erik cleven '87
In two to three sentences, please describe what your current position entails.
I facilitate interethnic dialogue with groups from the former Yugoslavia. I also teach conflict resolution and mediation to organizations and at certain colleges in Norway, responsibility for the Nansen Dialogue Network's monitoring and evaluation team. Additional duties of mine include project management.
What has been your career path to date?
St. Olaf College, 1983-1987. University of Oslo 1989-1992 (MSc in Biology) Outdoor Education training 1992-1994 Director of Norwegian Peace Center 1994-2000 Centre for Peacebuilding and Conflict Management 2000-2004 Nansen Dialogue Network 2004- I have also taught three interims at St. Olaf College in 2004, 2005, and 2006 on Peacebuilding and Conflict Management
Which country(ies) has your work taken you to?
Norway, Russia, Chechnya, Former Yugoslavia, Great Lakes Region in Africa - including Kenya, Rwanda, Burundi, D.R. Congo
How did your interest in working internationally develop?
I was active in the peace movement in the '80s while at St. Olaf and also in anti-apartheid work. I chose to study biology because I thought it would be more relevant to the kind of political work I wanted to do. In 1994 a position at the Norwegian Peace Center opened up and I realized that this was a way that I could work full time with my interest in peacebuilding.
Which parts of your St. Olaf education best prepared you to work internationally?
My involvement in student organizations and political movements. Also an off campus interim I went on in 1986 to East and West Germany called "Encounter with the two Germanies". In general, though, getting a solid general liberal arts education has proven to be very useful.
What is the most difficult or challenging aspect about working internationally?
Getting funding for the work. I have spent probably 60-70% of my time prior to joining the Nansen Dialogue Network on fundraising. Right now I do not have responsibility for that , but it is a constant concern for non-governmental organizations that work internationally. Dialogue and peace work costs money, and though governments and agencies say they support it, it is often a challenge to secure the funding it takes.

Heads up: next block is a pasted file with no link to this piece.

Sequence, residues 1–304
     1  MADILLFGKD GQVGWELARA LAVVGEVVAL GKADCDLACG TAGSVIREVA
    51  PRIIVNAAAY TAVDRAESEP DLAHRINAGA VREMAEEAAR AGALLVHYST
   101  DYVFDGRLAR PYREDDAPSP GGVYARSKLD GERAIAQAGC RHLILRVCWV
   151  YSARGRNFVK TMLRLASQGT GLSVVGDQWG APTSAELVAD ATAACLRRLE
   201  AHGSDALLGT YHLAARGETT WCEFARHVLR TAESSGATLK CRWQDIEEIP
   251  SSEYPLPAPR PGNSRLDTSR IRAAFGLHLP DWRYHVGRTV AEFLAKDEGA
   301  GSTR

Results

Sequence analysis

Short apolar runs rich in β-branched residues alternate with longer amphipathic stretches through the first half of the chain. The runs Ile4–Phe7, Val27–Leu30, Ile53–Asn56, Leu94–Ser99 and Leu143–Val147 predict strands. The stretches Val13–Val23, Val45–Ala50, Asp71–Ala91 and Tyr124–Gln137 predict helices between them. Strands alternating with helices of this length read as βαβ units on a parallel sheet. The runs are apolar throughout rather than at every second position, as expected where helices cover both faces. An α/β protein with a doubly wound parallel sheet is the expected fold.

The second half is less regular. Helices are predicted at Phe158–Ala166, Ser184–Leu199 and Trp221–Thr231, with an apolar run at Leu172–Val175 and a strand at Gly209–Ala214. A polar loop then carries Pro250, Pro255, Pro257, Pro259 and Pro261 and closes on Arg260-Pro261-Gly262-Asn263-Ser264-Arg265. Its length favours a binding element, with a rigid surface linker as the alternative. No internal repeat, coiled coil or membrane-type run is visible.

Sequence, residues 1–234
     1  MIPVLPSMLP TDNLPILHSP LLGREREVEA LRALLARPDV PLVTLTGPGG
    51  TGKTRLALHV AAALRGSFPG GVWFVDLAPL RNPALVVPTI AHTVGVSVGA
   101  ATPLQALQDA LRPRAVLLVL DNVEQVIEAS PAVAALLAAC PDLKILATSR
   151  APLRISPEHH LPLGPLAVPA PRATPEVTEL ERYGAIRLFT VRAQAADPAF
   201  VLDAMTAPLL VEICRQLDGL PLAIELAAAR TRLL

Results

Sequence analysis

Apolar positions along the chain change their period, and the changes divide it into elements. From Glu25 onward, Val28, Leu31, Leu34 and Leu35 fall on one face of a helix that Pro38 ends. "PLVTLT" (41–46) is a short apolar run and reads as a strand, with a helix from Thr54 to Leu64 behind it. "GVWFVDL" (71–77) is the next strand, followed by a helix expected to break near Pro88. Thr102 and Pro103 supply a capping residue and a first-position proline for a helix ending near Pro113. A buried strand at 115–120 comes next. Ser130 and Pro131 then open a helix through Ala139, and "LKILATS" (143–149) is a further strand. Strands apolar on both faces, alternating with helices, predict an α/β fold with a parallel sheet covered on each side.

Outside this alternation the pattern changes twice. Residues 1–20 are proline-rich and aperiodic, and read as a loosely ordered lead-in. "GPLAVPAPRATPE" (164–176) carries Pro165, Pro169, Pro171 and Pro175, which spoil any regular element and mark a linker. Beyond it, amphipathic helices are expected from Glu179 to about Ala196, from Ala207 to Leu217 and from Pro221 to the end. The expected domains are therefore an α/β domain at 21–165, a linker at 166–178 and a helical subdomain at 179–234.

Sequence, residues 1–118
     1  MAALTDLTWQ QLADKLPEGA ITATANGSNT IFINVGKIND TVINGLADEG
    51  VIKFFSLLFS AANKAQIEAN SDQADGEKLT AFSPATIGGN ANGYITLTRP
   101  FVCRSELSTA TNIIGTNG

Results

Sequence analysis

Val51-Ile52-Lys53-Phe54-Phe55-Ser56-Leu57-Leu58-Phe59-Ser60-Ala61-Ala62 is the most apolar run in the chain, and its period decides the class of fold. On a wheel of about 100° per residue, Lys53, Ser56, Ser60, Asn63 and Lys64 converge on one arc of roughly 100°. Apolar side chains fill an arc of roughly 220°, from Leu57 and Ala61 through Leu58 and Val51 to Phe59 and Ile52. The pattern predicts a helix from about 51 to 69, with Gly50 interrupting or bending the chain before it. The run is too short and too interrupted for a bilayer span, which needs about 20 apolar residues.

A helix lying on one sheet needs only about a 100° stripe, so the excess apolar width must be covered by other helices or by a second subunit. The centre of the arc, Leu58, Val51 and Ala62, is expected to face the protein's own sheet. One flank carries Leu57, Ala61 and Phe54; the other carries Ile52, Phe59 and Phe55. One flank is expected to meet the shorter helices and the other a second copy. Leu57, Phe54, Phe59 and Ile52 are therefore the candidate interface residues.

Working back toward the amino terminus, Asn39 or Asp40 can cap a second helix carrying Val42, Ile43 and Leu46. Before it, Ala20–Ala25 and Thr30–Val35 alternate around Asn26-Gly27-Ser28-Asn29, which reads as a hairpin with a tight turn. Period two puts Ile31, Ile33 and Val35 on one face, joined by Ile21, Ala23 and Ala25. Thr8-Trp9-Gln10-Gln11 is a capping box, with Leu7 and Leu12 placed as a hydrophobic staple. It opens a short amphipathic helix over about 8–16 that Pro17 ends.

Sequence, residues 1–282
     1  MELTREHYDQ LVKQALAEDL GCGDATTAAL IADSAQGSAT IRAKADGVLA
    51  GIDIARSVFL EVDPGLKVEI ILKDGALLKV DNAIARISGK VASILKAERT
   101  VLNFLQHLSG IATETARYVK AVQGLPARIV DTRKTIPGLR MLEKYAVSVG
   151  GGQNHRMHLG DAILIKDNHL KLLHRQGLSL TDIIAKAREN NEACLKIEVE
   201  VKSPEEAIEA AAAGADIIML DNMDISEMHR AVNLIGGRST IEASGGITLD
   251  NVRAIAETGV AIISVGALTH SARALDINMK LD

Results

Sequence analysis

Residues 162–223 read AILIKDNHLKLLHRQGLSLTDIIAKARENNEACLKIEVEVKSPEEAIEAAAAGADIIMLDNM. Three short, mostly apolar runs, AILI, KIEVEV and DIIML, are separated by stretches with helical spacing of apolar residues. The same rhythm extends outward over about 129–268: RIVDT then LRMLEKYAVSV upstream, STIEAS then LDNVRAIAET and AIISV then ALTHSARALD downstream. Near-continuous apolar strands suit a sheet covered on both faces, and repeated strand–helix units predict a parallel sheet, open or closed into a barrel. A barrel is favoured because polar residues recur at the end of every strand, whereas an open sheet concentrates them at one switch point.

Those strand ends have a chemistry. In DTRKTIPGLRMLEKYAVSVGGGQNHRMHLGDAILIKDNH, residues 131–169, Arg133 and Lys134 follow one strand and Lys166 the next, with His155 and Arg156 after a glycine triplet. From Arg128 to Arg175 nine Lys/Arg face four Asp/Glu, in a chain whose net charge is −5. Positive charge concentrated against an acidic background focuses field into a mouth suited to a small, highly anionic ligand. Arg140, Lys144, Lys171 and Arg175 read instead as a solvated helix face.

What has been the most rewarding aspect of working internationally?
To broaden ones horizons and identity in a way that connects you to other parts of the world. When I read the newspapers about conflicts in certain regions of the world it is not just abstract news but news about friends. Also the people that I have had the privilege to know and work with are the best thing.
What does being a “global citizen” mean to you?
I suppose understanding that what happens in other parts of the world affects us and that we can't just sit in our own corner of the world and not get involved in what is happening in other places. Also that many of today's problems demand international solutions if we are to survive, like climate change.
What advice would you offer current students interested in working internationally?
As far as your St. Olaf education is concerned: learn a world language like French, Spanish, Arabic or Chinese (I didn't...), learn everything you can about history and politics, get involved now in student organizations and be adventurous. If you want to work internationally in peace or development issues be prepared to be on board for a long time. You will accomplish nothing in less than a ten year perspective. Also learn to listen. People locally have the answers to their own problems. It is not your job to bring solutions, only to facilitate the opportunity to find them.
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